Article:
[W]: Through our brochures and care packages, I hope that we can leave people some information and tips on how they can effectively help a friend with depression.
We have a roadshow that features an interactive exhibition: “The Invisible Museum”. It provides an insight into the lives of the people with depression. Even for myself, it really opened my eyes to the difficulties and experiences that people with depression face, and how different things had helped them with the recovery.
I hope that our visitors will have a better understanding of the illness after hearing these personal stories, and we’d have at least inspired people on the topic of depression and provide them with tools to learn more about the illness.
[S]: Through this campaign, I’d like for people to hear the stories from our different profiles and get to know them as individuals. To get to know them as people who are kind, talented and who are just like you and me.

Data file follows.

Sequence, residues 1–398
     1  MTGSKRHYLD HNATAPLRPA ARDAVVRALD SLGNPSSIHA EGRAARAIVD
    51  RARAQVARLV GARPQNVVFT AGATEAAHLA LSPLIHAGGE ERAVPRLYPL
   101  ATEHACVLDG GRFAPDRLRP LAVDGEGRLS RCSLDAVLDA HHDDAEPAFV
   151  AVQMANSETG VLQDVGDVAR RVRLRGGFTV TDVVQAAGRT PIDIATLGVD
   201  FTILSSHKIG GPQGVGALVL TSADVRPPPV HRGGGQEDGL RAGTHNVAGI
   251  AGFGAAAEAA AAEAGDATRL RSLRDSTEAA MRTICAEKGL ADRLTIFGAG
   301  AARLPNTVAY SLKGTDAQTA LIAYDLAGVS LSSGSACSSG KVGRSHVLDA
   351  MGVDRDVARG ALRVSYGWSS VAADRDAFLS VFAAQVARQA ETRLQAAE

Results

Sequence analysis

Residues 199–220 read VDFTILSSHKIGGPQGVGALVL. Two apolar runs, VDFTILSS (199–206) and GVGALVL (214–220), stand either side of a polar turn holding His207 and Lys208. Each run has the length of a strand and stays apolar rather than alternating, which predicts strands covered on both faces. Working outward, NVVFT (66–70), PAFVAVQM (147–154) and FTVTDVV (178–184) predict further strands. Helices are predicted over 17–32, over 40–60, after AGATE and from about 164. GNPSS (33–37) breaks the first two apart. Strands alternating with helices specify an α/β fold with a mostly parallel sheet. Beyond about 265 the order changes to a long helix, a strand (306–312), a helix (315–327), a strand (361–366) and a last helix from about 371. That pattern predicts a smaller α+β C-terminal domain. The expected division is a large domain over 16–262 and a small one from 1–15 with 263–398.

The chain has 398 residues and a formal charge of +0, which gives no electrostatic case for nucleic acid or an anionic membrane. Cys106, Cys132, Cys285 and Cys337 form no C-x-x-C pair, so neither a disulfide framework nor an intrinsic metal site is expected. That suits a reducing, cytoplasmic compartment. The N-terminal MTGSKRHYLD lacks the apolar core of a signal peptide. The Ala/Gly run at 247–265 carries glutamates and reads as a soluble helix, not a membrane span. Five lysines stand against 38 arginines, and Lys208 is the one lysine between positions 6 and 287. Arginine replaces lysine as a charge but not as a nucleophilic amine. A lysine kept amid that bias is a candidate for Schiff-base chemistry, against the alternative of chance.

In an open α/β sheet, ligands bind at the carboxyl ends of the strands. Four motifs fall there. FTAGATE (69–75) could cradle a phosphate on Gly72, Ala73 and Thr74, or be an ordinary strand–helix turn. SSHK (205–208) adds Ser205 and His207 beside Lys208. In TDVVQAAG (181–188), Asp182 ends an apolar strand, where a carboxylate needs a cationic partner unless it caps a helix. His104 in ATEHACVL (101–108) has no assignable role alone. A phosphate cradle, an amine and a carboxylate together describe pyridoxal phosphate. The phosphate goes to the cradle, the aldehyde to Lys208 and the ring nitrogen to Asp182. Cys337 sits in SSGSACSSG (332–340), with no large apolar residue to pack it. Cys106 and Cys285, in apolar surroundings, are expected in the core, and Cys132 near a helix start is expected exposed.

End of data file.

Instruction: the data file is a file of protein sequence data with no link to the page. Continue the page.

I hope people can see that individuals who have mental health issues shouldn’t be judged based on their illness and that their illness doesn’t define them as individuals.
They are just like the rest of us if not better versions of us because they are fighters.
I also hope that people will see that there is help out there.
In fact plenty of help is available to suit different needs and requirements, not just IMH. I guess there are people who associate IMH with something that is negative (which shouldn’t be the case) so if they knew that there’s other forms of help or other organizations that offer help for mental health issues, they might be more willing to step forward and seek help.